Is summer 2020 a good time to be looking for a job actively?

If you review our content in the past years, we were always proponents of using the summer to at least prepare for the active job search in the fall: list of headhunters, list of companies, researching email addresses, preparing application documents and fine-tuning the LinkedIn profile. Plus, for those who “had to” look for a new job (for one reason or another), we always recommended to use the summer break, because companies still had to recruit and the competition was simply away on vacation = more chances to find something.

Summer 2020 is different. Here’s why:

As a reaction to CV-19, companies reacted in one of the following ways:
– all recruitment processes cancelled (usually excl. essential roles)
– all recruitment processes on hold (usually excl. essential roles)
– business (almost) as usual

The immediate effect that we observed (and then meticulously tracked since mid-March):
a drop of up to 1,500,000 in published job ads on LinkedIn

That’s 1,500,000 job ads that disappeared… 1,500,000 less jobs available across Europe. Some countries have seen even decreases of up to 50%. That’s 50% less opportunities for professionals. That’s massive!

The last 2-3 weeks have shown an immense improvement – more than 50% of the European countries have positive trends in the number of job ads and a handful have now more published job ads than at the beginning of the pandemic. Let us translate that for you:

for them to start work on September or October 1st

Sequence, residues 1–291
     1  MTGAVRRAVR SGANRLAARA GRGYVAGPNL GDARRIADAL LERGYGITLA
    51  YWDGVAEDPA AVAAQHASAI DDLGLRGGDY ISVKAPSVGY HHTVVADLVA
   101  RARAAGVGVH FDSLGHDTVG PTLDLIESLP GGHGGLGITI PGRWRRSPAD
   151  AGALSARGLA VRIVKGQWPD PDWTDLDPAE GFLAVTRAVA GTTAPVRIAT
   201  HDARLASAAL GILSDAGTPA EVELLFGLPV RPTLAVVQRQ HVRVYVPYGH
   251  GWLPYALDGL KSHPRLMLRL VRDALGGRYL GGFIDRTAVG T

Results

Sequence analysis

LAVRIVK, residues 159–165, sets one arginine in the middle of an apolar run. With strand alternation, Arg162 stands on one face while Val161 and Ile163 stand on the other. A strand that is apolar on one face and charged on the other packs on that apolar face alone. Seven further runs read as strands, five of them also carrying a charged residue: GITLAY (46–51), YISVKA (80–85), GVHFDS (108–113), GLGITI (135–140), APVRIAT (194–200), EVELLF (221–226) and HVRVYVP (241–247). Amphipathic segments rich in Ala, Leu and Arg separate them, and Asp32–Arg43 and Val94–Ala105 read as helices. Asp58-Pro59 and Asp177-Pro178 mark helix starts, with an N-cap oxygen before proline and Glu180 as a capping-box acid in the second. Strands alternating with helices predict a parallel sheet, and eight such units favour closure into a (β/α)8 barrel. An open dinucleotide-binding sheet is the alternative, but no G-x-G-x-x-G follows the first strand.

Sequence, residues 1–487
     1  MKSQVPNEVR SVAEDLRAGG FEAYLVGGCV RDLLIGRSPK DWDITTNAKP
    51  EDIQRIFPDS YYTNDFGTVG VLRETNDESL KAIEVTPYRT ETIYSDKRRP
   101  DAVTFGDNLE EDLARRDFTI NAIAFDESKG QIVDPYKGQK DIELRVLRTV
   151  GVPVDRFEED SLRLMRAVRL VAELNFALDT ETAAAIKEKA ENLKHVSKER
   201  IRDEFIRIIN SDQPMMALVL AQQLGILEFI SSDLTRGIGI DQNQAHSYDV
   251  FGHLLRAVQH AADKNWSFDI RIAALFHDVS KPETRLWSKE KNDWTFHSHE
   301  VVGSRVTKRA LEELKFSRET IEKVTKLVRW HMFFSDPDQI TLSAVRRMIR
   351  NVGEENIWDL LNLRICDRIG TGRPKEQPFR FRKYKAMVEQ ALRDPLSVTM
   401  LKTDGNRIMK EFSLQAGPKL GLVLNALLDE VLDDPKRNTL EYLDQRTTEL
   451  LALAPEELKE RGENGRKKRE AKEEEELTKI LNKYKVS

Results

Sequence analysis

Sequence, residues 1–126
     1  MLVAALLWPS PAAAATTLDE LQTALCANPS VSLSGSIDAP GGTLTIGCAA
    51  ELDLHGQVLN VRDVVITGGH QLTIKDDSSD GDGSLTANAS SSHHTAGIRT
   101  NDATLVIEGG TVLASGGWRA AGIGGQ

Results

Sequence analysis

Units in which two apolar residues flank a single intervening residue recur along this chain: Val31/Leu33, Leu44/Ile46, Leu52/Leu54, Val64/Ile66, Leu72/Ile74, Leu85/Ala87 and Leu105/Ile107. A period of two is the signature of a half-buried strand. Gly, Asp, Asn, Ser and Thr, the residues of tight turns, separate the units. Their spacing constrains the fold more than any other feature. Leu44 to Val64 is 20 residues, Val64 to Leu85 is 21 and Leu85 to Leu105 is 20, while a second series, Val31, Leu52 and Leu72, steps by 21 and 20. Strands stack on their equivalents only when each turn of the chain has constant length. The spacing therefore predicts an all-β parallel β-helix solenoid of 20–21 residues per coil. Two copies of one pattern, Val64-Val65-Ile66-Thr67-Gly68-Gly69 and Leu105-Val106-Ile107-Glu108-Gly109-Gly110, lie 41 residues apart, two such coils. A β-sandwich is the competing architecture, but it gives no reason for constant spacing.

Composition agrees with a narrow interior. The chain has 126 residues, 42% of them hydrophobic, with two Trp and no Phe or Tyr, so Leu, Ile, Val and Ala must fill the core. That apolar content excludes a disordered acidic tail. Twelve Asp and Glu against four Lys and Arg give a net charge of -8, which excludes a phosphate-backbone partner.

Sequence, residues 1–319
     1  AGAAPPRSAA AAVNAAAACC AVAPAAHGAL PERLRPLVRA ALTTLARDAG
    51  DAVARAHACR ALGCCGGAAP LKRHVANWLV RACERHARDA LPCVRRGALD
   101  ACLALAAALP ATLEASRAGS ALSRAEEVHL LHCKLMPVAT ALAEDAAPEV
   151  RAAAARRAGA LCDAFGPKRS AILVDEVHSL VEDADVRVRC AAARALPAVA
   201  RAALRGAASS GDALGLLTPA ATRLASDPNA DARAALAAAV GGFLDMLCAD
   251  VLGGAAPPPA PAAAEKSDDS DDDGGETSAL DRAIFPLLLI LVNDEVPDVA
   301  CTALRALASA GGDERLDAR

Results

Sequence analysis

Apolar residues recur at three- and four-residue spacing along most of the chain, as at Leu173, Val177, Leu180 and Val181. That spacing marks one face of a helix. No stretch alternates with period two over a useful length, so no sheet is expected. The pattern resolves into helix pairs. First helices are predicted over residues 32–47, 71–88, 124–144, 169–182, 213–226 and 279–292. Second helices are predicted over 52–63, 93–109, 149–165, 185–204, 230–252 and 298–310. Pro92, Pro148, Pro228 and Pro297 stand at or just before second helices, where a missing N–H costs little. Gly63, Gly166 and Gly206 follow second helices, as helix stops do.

So, if you are currently looking for a job: use that opportunity! Some candidates will still take it slow over the summer, “because it’s summer” – but don’t fall into that trap. Take advantage of the fact that some think like that – less competition for you! And, if timing doesn’t allow for a full-throttle job search: prepare for it at least.

Many employees were asked to use up their vacation days during the pandemic – they will be sitting now working at their laptops to make of for the lost 3-4 months – in terms of business, sales or recruitment needs.

Here a to-do-list with corresponding materials by job hunting channel:

1) Job ads

  • optimize your CV for ATS [how to do that here
  • optimize your LinkedIn profile for the algorithm [minute 1:08:10 to 1:42:25 on how to do that here]

2) Networking

  • audit your current network (strengths, weaknesses)
  • prepare strategies for your old network
  • build a new network in the areas of identified weaknesses

[The whole process is explained in detail here / minute 1:06:00 to 1:27:50]

3) Recruitment firms

  • make a list of approx. 50 recruitment firms per country that you are actively interested in
  • identify the most relevant consultant and contact them by email with your CV

[The whole process, including how to write the email, is explained in detail here / minute 38:50 to 48:00]

4) Direct approach

  • make a list of 90-120 companies
  • identify & contact your potential boss directly with your CV

[The whole process, including how to write an attractive, professional, yet elegant email, is explained in detail here / minute 12:50 to 38:15

If you get stuck somewhere, or need a second opinion… or you don’t get 30-50% response rate and less than 5% interviews, get in touch with Career Angels for a complimentary career consultation of 30-40 minutes via Skype. You can book a session via this link or by sending an email to Subject: Summer